News Release

REF NO.: 50

SUBJECT: Memorial University researcher claims prestigious Arctic Inspiration Prize

DATE: December 9, 2016

For the second time in three years, Dr. Trevor Bell has been honoured with the coveted Arctic Inspiration Prize (AIP), becoming the only person from Memorial University to receive the accolade twice.

Dr. Bell, a noted field scientist and geographer, is one of three recipients of this year’s AIP who will share the $1.5-million national honour often known as the Nobel Prize of the North.

The prize recognizes research and projects that translate knowledge into action for the benefit of the people of the Canadian Arctic.

“Dr. Trevor Bell has distinguished himself as a respected researcher whose work is having real impact on those living and working in Canada’s North,” said Dr. Gary Kachanoski, president and vice-chancellor, Memorial University. “Dr. Bell’s pioneering research has bolstered Memorial’s international reputation for excellence in Arctic and Northern regions research. His vision and commitment to creating positive change for Arctic communities is truly inspiring. I offer Dr. Bell my congratulations and wish him much success as he takes his project to the next level.”

Dr. Bell, University Research Professor in the Department of Geography, Faculty of Humanities and Social Sciences and a Memorial alumnus, and his team were honoured for their innovative project known as SmartICE (Sea-Ice Monitoring and Real-Time Information for Coastal Environments). SmartICE is a sea-ice monitoring system developed with coastal communities. It combines traditional ice knowledge with the latest satellite imaging and ice-sensing technology, allowing community members to plan safe passage on sea ice.

Currently, SmartICE provides its service in two pilot communities — Nain, Nunatsiavut, and Pond Inlet, Nunavut — where, like many other places in the North, sea-ice is part of the winter highway — the travel route to country food and a fundamental part of culture and well-being. Sea-ice conditions, however, are becoming less predictable for travel due to climate warming, Dr. Bell says. There is also a growing expectation that winter shipping may disrupt traditional travel routes.

SmartICE has the potential to make a big impact on those living and working in the North.

“A key reason for us winning the Arctic Inspiration Prize is our plan to create a northern social enterprise for SmartICE, so that in partnership with communities we can expand the service across the Arctic,” said Dr. Bell. “It not only contributes to healthy communities, but also enables community economic development where sea-ice information is critical to business operations — for example, winter fisheries, coastal infrastructure — and reduces costs for community government services, such as sealift or emergency management.”

Dr. Bell says part of the reason SmartICE is inspiring and novel is that it integrates leading-edge technology with Inuit knowledge, youth training and social entrepreneurship.

“The SmartICE Inc. business model commits to maximizing social impact and creating positive community change, while reflecting Inuit societal values and applying an entrepreneurial approach to sea-ice information services,” Dr. Bell noted. “One example of our social innovation is the production of SmartICE technology by at-risk youth in Nunatsiavut, who in addition to traditional sea-ice knowledge, will learn technical skills to help reduce employment barriers.”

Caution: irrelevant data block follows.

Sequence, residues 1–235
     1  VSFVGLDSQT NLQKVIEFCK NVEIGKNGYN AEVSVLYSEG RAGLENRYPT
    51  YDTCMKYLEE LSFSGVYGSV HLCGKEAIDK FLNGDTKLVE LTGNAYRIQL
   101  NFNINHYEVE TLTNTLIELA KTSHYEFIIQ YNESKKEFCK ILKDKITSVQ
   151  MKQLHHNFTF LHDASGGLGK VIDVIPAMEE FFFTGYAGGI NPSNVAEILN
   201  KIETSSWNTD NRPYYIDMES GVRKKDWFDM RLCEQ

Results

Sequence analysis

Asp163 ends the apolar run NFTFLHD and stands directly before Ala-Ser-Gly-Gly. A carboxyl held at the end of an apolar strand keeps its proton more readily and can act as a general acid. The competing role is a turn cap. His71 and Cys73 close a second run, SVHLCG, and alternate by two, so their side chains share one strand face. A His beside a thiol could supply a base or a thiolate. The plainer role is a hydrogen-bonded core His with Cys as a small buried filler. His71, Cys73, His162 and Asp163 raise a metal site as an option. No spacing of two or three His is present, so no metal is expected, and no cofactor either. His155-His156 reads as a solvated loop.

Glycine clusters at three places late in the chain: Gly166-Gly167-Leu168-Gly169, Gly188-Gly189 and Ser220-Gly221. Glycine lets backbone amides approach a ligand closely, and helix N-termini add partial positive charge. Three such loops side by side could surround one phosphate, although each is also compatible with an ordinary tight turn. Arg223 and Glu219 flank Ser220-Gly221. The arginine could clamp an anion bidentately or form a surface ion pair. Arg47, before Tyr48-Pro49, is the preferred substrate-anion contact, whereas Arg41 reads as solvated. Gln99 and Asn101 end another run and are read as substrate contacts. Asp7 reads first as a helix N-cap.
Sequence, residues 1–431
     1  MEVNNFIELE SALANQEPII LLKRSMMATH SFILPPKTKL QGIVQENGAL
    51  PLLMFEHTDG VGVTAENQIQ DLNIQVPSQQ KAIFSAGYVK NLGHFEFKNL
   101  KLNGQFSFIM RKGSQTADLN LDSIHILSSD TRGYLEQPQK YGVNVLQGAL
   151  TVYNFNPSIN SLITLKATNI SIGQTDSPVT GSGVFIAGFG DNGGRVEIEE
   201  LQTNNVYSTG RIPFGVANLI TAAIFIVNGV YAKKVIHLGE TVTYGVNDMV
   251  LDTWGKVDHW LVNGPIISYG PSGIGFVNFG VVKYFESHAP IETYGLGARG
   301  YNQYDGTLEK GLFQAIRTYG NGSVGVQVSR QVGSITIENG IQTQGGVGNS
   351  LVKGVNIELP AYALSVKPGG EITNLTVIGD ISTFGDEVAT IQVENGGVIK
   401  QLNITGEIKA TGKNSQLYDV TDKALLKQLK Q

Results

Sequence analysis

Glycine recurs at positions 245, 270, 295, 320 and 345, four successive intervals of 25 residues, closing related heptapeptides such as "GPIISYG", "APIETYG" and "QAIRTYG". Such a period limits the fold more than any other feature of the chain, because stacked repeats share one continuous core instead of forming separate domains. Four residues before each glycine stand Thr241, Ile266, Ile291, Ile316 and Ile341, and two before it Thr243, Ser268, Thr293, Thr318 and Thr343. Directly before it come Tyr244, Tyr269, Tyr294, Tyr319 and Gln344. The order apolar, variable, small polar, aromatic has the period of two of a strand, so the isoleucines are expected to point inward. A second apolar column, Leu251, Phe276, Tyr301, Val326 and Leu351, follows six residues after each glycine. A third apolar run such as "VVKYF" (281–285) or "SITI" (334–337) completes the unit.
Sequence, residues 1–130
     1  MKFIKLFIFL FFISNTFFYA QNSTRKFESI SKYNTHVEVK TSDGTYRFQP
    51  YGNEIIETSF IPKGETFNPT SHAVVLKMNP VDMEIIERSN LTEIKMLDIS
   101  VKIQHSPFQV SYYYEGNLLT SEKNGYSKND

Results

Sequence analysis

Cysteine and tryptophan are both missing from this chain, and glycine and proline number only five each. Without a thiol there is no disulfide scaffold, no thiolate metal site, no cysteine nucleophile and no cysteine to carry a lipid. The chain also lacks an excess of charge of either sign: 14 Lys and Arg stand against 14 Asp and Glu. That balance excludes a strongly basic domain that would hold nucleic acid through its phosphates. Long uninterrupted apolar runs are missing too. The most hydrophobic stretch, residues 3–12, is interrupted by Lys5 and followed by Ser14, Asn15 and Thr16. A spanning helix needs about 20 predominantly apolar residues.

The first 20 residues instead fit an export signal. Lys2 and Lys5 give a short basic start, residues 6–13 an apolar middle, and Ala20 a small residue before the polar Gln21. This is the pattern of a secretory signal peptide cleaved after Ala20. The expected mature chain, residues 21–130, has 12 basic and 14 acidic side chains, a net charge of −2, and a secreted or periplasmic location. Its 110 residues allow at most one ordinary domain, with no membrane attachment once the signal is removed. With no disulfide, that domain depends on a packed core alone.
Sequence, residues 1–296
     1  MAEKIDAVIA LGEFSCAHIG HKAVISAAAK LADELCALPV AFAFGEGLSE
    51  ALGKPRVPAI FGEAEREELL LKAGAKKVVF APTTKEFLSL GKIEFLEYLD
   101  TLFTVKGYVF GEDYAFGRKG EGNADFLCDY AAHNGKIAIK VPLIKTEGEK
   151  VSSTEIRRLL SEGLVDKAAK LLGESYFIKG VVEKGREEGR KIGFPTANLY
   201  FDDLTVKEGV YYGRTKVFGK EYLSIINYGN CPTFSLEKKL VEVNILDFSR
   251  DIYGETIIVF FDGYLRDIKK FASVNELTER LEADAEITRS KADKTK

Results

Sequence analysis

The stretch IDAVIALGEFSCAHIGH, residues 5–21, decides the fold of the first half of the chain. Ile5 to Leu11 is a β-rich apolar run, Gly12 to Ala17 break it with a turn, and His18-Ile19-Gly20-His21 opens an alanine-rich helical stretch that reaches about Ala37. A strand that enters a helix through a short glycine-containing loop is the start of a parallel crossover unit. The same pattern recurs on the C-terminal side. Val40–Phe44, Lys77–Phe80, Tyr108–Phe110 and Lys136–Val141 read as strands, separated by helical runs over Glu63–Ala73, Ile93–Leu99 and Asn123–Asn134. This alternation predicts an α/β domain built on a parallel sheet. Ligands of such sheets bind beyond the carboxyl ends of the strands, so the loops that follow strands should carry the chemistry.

The prize-winning SmartICE team is truly diverse, bringing together experts from communities, industries, governments, non-governmental organizations and universities. Faculty, staff and students from across Memorial University are represented on the successful team, including the faculties of Humanities and Social Sciences; Business Administration; Engineering and Applied Science, as well as Enactus Memorial, the Centre for Social Enterprise, C-CORE, the Genesis Centre and local community partners Choices for Youth and Going Off, Growing Strong.

SmartICE, led by Dr. Bell, was one of eight projects shortlisted for this year’s fifth annual Arctic Inspiration Prize. He was nominated by Inuit business leaders Clint Davis, chair, Nunatsiavut Group of Companies, and Levi Barnabas, chair, Qikiqtaaluk Corporation.

In 2013 Dr. Bell was the principal research partner of SakKijânginnatuk Nunalik: The Sustainable Communities Initiative of the Nunatsiavut Government that was named one of three overall recipients of the Arctic Inspiration Prize. That project focused on providing healthy housing solutions for Nunatsiavut communities that addresses changing climate, infrastructure requirements and Inuit housing needs and preferences.

The 2016 Arctic Inspiration Prize was presented to Dr. Bell on Dec. 8 by the Rideau Hall Foundation in conjunction with ArcticNet’s annual scientific meeting, which took place Dec. 5-9 in Manitoba. ArcticNet is a Network of Centres of Excellence of Canada. Memorial is a member institution.


About Memorial University of Newfoundland

Located on the edge of the North Atlantic, Memorial University of Newfoundland is a community of more than 18,000 students from 90 countries and about 5,000 faculty and staff. Providing a comprehensive range of undergraduate, graduate and certificate programs, the university delivers a broad range of courses at four diverse campuses, complemented by extensive online offerings. Cold-ocean and Arctic-related study and partnership are areas of focus across many of Memorial's disciplines, from anthropology and biology to engineering and social work. Born of the university’s long-standing connection to the people and place it serves, this specialization is pursued actively as a member institution of the University of the Arctic‎, the transnational Ocean Frontier Institute and award-winning scholarship, pedagogy and public engagement activities.

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